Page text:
Monday, 19 March 2018

The American Narrative of the War of Independence

On Quora, questions are frequently asked regarding what the UK thinks about the American Revolution. They always tend to get the same answer, which is, essentially, that the UK doesn't tthink about it at all. Although it is fundamental to US history, for the UK it was just a small sideshow in the war with France that was fought, on and off, for around eight centuries. The American colonies at that time had no great value.

Various answers seem to want to re-fight the war. I don’t know why. But since I used to teach philosophy, here’s a philosophical answer. Or at least an attempt at one.

Firstly, there is a famous rule: the winners get to write the history.

When the winners do this, it’s very useful if they have a handy philosopher who can explain logically why everything they did was right and justified. For the American revolutionaries that philosopher was Thomas Paine. ‘Common Sense’ and others of his works are, I take it, the basis of what the questioners mean by The American narrative of the Revolutionary War.

Without the pen of Paine, the sword of Washington would have been wielded in vain.” - John Adams.

The problem with being a revolutionary is that real life is rarely as simple as they like to believe. Quite often revolutionaries end up not all that different to those against whom they rebel. Arguably the newly-independent Americans were every bit as good at imperialism etc. as the British rulers they threw out. That is a matter for better historians of the period than me.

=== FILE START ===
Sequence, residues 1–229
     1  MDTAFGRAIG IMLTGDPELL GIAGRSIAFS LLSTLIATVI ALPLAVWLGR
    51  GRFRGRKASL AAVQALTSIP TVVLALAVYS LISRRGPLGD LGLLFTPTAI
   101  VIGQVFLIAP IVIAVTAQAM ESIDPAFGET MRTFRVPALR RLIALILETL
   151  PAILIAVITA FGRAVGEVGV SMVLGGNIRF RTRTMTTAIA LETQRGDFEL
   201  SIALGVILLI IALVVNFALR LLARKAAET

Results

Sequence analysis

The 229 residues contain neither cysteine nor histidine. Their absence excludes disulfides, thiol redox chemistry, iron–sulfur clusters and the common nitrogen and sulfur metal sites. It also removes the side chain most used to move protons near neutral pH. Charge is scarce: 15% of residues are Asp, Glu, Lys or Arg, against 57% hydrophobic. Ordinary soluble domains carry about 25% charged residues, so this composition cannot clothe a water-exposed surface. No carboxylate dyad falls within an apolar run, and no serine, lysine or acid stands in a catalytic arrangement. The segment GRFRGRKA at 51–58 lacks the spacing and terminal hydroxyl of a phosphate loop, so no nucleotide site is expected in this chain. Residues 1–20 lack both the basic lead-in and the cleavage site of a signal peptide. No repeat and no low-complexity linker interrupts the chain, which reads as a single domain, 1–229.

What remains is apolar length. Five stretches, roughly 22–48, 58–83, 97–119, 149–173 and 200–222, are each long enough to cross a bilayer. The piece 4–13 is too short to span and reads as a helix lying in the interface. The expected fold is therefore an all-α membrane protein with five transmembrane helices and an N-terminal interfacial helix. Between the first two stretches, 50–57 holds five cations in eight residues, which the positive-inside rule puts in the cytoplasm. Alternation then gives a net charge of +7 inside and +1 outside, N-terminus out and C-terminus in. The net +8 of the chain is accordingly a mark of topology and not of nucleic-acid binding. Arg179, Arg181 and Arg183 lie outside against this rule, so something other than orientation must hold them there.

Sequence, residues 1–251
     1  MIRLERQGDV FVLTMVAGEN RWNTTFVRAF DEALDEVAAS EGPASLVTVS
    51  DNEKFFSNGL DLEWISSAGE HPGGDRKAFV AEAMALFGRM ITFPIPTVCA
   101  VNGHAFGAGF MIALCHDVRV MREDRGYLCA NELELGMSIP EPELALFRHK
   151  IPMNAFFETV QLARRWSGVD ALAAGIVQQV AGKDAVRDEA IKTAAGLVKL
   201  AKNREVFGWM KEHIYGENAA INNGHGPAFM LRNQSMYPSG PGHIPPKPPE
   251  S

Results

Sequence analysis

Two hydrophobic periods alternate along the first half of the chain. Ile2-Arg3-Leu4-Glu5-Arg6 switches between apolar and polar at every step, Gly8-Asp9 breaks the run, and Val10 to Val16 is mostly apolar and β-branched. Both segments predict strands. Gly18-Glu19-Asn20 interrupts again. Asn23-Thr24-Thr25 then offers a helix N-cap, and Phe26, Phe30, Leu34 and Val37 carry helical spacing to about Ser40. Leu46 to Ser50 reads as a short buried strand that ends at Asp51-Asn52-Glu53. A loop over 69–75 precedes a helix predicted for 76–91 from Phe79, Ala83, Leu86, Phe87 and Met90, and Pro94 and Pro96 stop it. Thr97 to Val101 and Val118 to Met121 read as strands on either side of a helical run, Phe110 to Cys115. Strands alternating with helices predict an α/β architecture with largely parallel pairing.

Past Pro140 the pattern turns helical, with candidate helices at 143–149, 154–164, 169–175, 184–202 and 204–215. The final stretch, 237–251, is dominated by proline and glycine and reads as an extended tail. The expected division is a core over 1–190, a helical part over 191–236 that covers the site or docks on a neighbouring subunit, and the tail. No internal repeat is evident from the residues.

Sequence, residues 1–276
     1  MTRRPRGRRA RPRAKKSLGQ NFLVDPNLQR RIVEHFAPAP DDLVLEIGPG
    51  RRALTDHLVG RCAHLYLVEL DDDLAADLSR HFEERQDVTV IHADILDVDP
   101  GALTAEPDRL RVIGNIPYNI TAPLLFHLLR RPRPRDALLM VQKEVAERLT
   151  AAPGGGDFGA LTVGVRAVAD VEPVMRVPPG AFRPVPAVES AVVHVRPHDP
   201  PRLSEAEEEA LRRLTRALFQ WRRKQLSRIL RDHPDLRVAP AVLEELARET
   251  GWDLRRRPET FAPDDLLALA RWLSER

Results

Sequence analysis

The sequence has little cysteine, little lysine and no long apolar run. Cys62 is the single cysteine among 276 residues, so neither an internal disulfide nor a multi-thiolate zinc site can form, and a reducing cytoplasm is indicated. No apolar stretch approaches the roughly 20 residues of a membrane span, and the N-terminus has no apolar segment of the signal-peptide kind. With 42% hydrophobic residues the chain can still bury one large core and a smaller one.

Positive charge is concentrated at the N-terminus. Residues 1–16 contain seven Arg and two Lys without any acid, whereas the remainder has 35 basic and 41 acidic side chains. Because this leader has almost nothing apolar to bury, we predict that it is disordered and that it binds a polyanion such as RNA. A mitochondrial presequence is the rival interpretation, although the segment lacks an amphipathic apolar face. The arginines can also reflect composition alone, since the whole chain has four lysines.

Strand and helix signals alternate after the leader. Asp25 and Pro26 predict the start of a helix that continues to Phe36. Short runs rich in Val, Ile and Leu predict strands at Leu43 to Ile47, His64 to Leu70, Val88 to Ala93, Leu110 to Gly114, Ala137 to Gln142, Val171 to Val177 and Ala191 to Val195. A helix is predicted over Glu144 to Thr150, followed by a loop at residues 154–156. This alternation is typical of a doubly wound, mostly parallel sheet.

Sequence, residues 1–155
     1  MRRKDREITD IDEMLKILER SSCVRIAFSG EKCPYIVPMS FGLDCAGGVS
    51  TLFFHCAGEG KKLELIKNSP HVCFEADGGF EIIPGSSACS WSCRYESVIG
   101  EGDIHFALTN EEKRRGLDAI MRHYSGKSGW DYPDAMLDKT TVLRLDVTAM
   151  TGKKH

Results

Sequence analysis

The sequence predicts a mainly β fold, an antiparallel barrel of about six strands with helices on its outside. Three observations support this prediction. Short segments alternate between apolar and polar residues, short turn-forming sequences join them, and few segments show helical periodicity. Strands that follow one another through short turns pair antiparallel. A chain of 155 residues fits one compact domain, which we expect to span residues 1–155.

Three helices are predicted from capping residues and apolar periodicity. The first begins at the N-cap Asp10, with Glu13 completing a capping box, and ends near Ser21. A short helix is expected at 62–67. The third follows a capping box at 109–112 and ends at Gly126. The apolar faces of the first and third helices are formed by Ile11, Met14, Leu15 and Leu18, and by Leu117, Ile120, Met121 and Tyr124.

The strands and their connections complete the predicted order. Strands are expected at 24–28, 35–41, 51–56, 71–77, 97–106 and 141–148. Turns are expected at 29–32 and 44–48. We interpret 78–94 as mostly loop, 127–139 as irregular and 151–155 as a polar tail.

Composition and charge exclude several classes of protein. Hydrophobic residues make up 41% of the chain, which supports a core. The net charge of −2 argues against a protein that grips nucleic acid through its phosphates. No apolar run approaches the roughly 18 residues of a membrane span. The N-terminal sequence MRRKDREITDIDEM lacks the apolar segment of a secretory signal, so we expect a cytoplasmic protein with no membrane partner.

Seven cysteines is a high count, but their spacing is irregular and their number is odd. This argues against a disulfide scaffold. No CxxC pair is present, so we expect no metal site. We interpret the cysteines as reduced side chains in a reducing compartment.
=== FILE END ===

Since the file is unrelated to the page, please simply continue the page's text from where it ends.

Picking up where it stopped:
But the problem with Paine was, he applied the same inexorable logic to everything, exposing the failings of US society’s continuing shibboleths with the same acumen as he’d exposed the failings of past ones such as monarchy. Slavery? Contrary to the rights of man. Formal religion? Subordination to an unelected priesthood is no better than subordination to an unelected king. And so on and so forth.

A philosopher who previously supported you and now embarrasses you is a really annoying creature. If you can’t answer him, it’s best to ignore him altogether. When Paine, an important US Founding Father, died in New York no more than a dozen people attended his funeral.

So perhaps a question of more relevance today would be, how consistently did (and does) the USA apply the philosophy of the Revolutionary War?